5 Tips To Control Dust During A Kitchen Remodel

5 Tips To Control Dust During A Kitchen Remodel

There’s no way around it: Remodeling is a dusty business. The worst eruptions may be during demolition and drywall sanding, but it’s inevitable that remodelers are going to kick up some grit every working day. Check out these five tips on how you and your contractor can control dust during a kitchen remodel.

Isolate

If the renovation is confined to a kitchen, do your best to isolate the work area to prevent dust and grit from getting out. This means:

  • designating limited entry and exit areas
  • closing unused doors
  • sealing gaps around unused doors
  • hanging plastic sheeting across open areas that lead to other rooms
  • covering intake registers in the work area so the HVAC system doesn’t spread grit around the house
  • opening a window, if weather permits, to allow circulation within the renovation space, and rigging a fan in the window space to blow dust out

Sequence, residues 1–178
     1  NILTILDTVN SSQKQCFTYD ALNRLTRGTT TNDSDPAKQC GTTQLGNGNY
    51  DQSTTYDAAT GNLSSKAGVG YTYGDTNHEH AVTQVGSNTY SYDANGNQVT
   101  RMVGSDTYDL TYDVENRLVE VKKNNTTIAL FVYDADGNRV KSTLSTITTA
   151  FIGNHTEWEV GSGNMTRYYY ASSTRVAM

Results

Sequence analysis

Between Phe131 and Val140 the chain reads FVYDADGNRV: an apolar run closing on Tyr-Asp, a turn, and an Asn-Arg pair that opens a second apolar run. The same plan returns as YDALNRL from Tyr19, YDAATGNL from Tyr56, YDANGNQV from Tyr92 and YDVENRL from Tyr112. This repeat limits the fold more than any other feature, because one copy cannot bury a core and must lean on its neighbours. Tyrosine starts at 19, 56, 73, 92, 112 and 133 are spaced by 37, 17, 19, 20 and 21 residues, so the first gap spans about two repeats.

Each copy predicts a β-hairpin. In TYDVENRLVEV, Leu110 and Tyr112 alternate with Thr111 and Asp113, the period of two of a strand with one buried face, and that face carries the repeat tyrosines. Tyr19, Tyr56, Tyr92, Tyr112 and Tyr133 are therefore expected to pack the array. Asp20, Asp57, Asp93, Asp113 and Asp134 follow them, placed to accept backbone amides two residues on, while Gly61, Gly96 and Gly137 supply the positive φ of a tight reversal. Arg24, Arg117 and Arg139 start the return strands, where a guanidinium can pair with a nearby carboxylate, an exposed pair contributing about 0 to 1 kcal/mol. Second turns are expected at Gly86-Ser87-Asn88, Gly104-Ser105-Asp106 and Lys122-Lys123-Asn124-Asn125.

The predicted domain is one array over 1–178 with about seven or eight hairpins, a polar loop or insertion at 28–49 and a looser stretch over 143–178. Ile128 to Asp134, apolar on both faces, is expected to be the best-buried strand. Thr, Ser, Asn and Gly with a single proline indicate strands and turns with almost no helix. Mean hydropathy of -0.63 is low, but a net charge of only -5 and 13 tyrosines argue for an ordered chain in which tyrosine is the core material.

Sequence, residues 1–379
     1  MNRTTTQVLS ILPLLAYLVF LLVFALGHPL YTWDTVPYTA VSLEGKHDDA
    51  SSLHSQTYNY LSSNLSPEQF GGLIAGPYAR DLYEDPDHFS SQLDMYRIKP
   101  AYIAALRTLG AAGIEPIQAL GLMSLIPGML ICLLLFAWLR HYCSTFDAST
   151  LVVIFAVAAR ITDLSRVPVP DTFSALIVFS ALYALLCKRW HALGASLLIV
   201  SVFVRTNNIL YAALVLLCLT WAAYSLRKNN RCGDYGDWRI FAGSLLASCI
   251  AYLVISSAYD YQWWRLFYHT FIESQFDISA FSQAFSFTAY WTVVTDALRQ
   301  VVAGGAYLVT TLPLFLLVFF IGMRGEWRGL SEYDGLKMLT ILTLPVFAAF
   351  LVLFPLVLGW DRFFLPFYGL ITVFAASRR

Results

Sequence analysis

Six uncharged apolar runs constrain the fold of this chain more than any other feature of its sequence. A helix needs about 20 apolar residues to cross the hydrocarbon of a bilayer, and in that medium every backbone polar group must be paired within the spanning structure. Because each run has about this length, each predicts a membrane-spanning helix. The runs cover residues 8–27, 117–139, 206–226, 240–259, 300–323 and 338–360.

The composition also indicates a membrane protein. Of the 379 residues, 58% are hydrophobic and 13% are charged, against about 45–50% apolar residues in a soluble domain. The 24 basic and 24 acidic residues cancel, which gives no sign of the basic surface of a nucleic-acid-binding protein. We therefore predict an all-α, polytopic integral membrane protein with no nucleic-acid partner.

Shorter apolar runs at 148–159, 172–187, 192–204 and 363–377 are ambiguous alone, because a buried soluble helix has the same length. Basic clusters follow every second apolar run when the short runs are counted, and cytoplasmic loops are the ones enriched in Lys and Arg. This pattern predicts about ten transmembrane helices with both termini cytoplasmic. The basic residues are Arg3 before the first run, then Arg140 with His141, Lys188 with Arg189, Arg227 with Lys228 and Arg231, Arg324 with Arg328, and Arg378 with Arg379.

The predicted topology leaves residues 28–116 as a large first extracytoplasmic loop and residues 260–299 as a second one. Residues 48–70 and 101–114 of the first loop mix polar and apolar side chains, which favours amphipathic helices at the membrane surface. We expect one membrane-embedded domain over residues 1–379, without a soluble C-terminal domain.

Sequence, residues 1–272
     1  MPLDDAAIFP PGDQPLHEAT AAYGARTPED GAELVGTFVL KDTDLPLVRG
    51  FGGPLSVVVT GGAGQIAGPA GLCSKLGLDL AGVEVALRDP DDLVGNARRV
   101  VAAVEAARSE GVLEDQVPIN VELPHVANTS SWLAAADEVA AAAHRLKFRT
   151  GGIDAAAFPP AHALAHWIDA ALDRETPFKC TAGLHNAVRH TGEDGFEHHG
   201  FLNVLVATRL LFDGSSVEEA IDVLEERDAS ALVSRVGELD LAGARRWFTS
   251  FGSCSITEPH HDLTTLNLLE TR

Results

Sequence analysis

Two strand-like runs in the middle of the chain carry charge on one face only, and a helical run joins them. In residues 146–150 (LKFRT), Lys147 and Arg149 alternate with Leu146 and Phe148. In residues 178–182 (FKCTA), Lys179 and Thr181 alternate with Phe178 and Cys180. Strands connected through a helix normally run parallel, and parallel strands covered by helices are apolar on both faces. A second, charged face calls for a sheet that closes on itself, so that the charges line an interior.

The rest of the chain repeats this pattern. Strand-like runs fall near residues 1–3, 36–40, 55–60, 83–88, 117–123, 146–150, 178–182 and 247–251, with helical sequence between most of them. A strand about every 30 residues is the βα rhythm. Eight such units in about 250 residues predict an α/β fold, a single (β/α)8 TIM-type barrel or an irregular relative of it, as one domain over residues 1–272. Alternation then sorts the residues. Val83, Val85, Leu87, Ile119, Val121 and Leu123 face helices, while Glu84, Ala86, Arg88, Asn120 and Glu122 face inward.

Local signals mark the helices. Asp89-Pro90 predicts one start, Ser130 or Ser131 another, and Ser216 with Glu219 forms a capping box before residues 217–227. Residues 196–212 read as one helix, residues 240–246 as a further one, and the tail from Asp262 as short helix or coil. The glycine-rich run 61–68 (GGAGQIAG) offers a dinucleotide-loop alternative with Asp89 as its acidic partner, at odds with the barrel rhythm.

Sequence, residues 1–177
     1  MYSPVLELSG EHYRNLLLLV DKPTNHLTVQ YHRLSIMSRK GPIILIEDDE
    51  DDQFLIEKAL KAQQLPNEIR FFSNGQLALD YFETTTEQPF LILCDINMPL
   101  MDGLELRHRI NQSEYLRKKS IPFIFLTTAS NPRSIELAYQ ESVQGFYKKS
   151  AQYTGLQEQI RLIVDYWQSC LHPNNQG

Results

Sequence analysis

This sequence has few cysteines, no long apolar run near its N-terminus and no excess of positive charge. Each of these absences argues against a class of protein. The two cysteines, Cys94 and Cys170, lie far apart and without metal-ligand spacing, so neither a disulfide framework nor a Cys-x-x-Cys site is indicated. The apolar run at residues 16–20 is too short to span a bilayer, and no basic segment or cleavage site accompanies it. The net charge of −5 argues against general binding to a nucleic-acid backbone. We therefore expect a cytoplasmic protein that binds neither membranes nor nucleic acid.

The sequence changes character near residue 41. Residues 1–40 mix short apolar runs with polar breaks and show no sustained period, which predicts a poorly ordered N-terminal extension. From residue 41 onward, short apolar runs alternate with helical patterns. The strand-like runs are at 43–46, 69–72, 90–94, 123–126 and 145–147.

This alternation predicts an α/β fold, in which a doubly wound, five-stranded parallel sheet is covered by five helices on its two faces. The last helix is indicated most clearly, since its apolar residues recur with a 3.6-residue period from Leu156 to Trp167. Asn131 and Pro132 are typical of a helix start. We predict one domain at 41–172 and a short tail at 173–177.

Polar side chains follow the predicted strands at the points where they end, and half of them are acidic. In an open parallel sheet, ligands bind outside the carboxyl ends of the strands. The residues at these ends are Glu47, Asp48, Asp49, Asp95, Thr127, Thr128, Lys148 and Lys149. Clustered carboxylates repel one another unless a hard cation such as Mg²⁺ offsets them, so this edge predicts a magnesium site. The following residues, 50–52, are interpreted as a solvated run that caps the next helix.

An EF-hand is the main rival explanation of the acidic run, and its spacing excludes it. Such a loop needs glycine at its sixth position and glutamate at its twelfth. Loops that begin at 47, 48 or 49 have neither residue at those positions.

Mark The Path

Workers will have to walk in and out of the space, removing old materials and delivering new. Dust will inevitably follow on their boots and clothes. Laying down canvas tarps or polyethylene plastic not only limits the transfer of dust but also protects wooden floors from scratchy grit and both carpets and floors from spills.

Remove And Protect

In an ideal world, you’d remove all your furniture and personal items from your home before the renovation begins. A more practical solution is to remove small, hard-to-dust items from shelves and table tops, like knick-knacks and photos, and cover furniture with tarps. This won’t prevent dust from settling, but it’ll make clean-up easier.

Vacuum And Dust Daily

Keeping up with the dust on a regular basis is a smarter strategy than waiting until the end, when grit is embedded in carpets, sofas, and the nooks and crannies around the wood molding. Consider hiring a cleaning crew when the job is done, to do a thorough top-to-bottom job.

Work Outdoors

In the good weather, carpenters can work in a space outdoors, limiting the amount of sawdust in your house. If they do work indoors, ask that they use dust-collecting vacuums with their power saws. Workers using drywall sanders, another major source of dust and grit, should do the same thing.

Dust and debris is inevitable, but with a little forethought and care, you and your contractor can keep it to a minimum.

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